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The husband of jailed student activist Bahareh Hedayat hasn't been allowed to see her for three months.
The families of several Iranian political prisoners have written an open letter to judiciary chief Ayatollah Sadegh Larijani saying their loved ones are being denied basic rights, including phone calls and visitations, RFE/RL's Radio Farda reports.

The letter, published on February 26, says protesters arrested following the 2009 presidential election -- including political activists, university professors, journalists, and students -- do not enjoy the same rights as other prisoners.

Amin Ahmadian, husband of jailed student activist Bahareh Hedayat, told Radio Farda on February 27 that he was last allowed to visit his wife three months ago, and has been able to speak to her by telephone only once in the past five months.

Hedayat, a senior member of Iran's largest pro-reform student group, the Office to Foster Unity, was arrested in December 2009. She has been sentenced to 9 1/2 years in jail.

Ahmadian, who is one of the signatories of the letter, said that in December his wife was diagnosed by a prison physician with gall stones but was not given a release for medical treatment.

Meanwhile, a number of students at the Babol Noushirvani University of Technology in northern Iran were arrested during opposition rallies in February.

Student activist Salman Sima told Radio Farda that one student who was recently released said those who were arrested had been beaten in detention while blindfolded.

Iranian Science Minister Kamran Daneshjou said on February 26 that any faculty member or student who cooperates with the "sedition," a reference to Iran's opposition Green Movement, is working with counterrevolutionaries and will be "treated severely."

Read more in Persian here
Natalya Radzina
A Belarusian opposition activist was summoned by police today for commenting on charges of torture made by a former presidential candidate, RFE/RL's Belarus Service reports.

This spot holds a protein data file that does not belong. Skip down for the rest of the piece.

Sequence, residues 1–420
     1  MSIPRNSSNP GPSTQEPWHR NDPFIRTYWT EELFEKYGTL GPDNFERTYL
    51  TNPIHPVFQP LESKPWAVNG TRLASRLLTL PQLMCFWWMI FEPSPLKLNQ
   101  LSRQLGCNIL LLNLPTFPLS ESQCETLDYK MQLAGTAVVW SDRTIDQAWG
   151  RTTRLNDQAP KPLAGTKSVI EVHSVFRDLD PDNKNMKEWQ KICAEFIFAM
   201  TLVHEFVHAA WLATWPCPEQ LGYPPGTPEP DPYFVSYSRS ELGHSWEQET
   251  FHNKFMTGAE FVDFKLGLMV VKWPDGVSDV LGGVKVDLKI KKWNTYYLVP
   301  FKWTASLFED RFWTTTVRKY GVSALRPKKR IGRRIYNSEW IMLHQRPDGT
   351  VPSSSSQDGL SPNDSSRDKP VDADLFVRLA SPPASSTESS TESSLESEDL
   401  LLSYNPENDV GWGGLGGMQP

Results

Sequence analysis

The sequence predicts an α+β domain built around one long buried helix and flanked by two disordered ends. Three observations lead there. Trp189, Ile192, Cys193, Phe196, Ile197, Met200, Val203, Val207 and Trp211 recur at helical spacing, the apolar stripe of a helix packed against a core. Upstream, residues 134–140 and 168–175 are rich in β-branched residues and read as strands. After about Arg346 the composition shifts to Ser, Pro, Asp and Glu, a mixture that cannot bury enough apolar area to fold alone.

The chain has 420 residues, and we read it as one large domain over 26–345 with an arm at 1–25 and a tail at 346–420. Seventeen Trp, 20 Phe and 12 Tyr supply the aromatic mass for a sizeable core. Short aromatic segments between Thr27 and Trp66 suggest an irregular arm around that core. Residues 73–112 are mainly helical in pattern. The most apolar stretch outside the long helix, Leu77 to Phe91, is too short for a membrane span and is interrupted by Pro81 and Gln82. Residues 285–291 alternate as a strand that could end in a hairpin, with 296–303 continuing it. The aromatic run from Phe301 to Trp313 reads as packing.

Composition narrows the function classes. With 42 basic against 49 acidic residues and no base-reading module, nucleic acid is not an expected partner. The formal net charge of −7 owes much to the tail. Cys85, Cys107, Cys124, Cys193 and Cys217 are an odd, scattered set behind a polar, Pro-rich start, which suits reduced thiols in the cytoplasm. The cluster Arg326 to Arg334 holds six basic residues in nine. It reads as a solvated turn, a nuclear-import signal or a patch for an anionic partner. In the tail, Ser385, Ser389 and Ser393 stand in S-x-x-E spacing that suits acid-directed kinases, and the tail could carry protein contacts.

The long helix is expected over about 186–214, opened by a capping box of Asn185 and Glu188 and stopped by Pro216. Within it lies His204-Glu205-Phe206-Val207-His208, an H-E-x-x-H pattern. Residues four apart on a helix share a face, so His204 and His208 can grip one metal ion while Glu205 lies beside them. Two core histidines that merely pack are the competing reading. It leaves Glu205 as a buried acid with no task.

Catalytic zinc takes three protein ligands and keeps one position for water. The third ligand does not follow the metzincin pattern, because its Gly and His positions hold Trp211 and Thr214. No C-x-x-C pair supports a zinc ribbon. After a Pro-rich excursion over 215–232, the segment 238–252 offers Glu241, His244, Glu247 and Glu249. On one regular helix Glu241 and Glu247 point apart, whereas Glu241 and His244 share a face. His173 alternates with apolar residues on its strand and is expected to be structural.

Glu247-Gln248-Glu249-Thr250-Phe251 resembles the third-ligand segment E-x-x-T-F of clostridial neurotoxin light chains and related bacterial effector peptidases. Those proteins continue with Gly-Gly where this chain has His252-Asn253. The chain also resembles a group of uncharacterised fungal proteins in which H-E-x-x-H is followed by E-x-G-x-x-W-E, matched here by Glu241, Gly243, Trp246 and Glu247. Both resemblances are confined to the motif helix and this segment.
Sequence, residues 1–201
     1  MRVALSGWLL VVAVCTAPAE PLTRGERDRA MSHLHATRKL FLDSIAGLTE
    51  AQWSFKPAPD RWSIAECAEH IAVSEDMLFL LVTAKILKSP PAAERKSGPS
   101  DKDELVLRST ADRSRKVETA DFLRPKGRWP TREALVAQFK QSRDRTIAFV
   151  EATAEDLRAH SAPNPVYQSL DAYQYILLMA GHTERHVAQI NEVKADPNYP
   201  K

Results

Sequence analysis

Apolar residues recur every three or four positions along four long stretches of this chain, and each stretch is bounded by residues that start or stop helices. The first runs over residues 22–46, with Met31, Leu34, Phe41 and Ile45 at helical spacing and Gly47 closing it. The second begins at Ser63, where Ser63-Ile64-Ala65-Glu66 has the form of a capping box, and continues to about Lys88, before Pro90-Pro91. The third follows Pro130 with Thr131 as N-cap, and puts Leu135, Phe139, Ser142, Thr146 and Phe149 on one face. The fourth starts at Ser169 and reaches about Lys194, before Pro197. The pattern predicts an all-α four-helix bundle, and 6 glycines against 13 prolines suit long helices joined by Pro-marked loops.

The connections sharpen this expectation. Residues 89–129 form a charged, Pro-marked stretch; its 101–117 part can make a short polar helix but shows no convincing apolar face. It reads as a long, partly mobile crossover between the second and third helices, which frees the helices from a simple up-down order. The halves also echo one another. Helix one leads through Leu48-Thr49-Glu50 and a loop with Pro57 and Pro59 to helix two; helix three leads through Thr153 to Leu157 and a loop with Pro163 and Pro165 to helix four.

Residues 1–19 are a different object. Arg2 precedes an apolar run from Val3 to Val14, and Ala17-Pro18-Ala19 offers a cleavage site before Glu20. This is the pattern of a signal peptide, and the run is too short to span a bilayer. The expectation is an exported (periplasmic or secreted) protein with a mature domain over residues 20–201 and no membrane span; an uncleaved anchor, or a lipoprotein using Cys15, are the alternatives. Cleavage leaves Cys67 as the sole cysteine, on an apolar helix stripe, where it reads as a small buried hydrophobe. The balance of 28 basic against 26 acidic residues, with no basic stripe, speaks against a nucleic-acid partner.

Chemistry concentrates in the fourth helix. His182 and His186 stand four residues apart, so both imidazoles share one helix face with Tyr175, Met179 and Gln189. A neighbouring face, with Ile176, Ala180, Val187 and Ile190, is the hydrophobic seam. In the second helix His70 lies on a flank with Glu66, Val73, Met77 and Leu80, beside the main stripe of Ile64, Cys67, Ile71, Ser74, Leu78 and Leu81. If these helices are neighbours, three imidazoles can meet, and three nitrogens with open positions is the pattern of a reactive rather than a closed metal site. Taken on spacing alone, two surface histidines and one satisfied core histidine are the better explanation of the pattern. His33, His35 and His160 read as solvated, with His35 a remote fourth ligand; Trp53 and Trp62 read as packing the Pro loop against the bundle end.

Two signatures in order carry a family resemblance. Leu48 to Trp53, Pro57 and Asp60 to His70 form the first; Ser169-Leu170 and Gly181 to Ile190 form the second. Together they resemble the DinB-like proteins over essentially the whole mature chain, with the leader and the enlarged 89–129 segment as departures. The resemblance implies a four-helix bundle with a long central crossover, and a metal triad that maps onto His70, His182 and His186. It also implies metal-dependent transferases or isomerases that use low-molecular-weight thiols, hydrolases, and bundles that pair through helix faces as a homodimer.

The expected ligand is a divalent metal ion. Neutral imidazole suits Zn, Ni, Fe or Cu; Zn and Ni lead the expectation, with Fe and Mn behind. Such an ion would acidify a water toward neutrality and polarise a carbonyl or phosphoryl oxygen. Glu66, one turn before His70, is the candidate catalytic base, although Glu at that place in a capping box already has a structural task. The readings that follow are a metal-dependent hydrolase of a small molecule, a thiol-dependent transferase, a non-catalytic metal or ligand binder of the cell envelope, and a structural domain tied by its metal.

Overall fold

The charges were made on February 28 by former candidate Ales Mikhalevich, who compared the KGB jail where he was held for two months to a "concentration camp."

Mikhalevich told journalists that the jail guards made him stand outside naked in the freezing cold, deprived him of sleep, dragged him on the floor while handcuffed, kept him in an overcrowded cell, and interrogated him without a lawyer present.

Natalya Radzina, the editor of the opposition Charter-97 website, told RFE/RL that she heard commands given by guards to male inmates of the KGB pretrial detention center that corroborate what Mikhalevich told journalists.

Radzina told RFE/RL that she was summoned by police, who said her comments violated certain rules because she is currently under investigation.

Radzina was arrested in December and charged with organizing and participating in mass unrest following the disputed December 19 presidential election. She was released from a KGB pretrial detention center and sent to her native town of Kobryn in January.

Police ordered her not to leave Kobryn until the investigation in her case is completed.

Read more in Belarusian

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"Watchdog" is a blog with a singular mission -- to monitor the latest developments concerning human rights, civil society, and press freedom. We'll pay particular attention to reports concerning countries in RFE/RL's broadcast region.


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